A common misconception among gamers and game designers is that challenge is equivalent to difficulty. In fact, the two terms are not interchangeable. In this brief post, we’ll look at some thoughts from game design experts on why these two concepts are different.
Game designer, Nicole Lazzaro, includes challenge in her list of the four keys to fun. She uses the Italian idea of ‘fiero’ to articulate what exactly challenge is:
With this idea of challenge and mastery, you go from frustration to this feeling of winning which I call fiero, from the the Italian for personal triumph over adversity. There’s no good word in English, so I use that term. It’s that feeling when the arms punch the sky.
Nicole continues to discuss how challenge relates to the often-cited concept of flow:
With challenge and mastery, you want it just on that edge between too difficult and too easy. … The only way you get the feeling of fiero, the arms punching the sky … You can’t push a button and win, you can’t push a button to save the princess. You have to be right at that edge where you’re about ready to throw that controller through the window, and then you win. That’s when the arms go up.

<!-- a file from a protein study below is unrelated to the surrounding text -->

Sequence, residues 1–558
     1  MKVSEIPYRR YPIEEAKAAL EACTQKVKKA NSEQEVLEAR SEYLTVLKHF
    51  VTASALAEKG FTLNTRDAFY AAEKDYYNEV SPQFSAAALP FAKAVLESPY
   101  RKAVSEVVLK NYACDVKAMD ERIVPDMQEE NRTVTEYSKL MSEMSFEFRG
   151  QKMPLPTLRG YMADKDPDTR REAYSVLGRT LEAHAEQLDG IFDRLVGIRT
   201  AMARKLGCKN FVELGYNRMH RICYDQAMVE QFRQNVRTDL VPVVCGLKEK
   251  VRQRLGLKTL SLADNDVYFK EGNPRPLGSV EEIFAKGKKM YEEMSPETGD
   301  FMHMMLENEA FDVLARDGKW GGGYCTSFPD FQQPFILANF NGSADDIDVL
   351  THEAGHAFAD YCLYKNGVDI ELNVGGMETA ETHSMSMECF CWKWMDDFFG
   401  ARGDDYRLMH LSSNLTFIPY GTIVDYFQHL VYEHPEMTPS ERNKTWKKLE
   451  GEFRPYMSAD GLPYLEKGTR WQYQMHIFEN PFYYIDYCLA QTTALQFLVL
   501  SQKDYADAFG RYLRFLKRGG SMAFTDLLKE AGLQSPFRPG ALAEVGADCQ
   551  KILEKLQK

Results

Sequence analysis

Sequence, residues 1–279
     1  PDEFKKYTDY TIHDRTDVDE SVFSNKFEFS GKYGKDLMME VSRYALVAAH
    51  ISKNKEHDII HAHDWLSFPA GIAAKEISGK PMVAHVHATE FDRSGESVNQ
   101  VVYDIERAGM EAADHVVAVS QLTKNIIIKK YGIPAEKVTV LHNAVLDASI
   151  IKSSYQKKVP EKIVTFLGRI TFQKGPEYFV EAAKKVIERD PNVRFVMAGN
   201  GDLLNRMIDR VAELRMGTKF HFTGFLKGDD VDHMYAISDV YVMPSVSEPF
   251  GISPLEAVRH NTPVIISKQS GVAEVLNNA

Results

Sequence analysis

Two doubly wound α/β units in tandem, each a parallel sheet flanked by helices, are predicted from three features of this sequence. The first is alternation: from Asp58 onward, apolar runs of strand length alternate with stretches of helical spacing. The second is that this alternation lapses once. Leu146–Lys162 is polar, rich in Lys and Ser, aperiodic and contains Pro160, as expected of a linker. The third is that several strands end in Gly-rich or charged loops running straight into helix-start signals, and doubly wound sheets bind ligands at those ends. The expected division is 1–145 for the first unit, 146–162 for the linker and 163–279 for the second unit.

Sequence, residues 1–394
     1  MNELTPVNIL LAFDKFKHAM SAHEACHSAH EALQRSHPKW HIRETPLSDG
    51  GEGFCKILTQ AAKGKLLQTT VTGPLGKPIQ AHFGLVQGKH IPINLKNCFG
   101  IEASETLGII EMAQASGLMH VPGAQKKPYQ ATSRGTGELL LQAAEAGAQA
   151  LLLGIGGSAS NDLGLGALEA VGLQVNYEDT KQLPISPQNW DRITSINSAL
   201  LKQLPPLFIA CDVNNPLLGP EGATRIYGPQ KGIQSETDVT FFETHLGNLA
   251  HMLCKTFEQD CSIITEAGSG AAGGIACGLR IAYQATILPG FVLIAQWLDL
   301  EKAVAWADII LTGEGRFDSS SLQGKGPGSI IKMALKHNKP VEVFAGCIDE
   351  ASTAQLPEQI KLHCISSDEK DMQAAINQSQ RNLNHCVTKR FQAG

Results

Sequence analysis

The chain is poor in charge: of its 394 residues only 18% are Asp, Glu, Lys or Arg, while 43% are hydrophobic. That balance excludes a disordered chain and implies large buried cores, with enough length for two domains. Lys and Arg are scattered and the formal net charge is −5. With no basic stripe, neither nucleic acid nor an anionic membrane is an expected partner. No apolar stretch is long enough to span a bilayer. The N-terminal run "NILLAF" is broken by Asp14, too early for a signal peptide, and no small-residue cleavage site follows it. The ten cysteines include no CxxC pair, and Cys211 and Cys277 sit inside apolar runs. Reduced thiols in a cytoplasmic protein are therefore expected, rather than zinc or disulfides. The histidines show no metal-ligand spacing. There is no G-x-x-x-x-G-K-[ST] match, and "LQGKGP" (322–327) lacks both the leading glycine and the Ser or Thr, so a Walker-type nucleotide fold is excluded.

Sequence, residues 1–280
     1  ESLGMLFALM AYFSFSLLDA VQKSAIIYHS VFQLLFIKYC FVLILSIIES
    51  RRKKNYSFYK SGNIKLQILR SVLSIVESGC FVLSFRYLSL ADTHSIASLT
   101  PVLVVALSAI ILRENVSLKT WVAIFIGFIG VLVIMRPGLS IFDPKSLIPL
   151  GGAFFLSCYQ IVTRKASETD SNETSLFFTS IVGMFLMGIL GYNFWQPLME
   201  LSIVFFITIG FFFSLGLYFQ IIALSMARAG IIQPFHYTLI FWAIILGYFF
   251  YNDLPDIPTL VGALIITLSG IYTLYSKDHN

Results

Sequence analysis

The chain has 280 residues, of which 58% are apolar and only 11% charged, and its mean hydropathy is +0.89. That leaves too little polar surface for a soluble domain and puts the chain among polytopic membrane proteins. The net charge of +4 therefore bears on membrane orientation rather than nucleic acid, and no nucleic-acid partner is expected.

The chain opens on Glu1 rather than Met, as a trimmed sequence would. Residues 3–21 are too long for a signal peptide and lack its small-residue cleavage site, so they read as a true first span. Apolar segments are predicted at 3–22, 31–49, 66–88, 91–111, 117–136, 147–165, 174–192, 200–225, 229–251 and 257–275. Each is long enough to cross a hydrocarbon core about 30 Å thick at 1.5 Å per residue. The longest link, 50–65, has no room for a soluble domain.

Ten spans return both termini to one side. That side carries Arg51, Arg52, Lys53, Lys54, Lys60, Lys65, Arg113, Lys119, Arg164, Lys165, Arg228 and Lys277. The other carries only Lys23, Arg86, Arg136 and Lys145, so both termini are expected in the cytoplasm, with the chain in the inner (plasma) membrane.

Another designer, James Portnow, uses Super Mario as an example of where we can find challenge:
It isn’t about the difficulty. It’s about the joy of overcoming those specific obstacles. … Maybe two-thirds of the way through the [first level of Super Mario], you hit the block and the star comes out. And you go running after the star … So you got this little bit of difficulty there, but when you grab it, you get all sorts of sense pleasure stuff reinforcing this moment. You start flashing, and then right in front of you are four or five goombas in a line. And you run through them … You’re just taking them out all over the place. Big numbers are popping up. That moment is challenge, because although it’s much easier than fighting those four goombas at any other time, it’s the joy of overcoming that obstacle that is really challenge.
There you have it. Difficulty is the idea most people are familiar with. It’s the idea that is typically conflated with challenge. However, challenge a separate idea. It is the pleasure, joy and catharsis that comes from successfully performing a difficult task.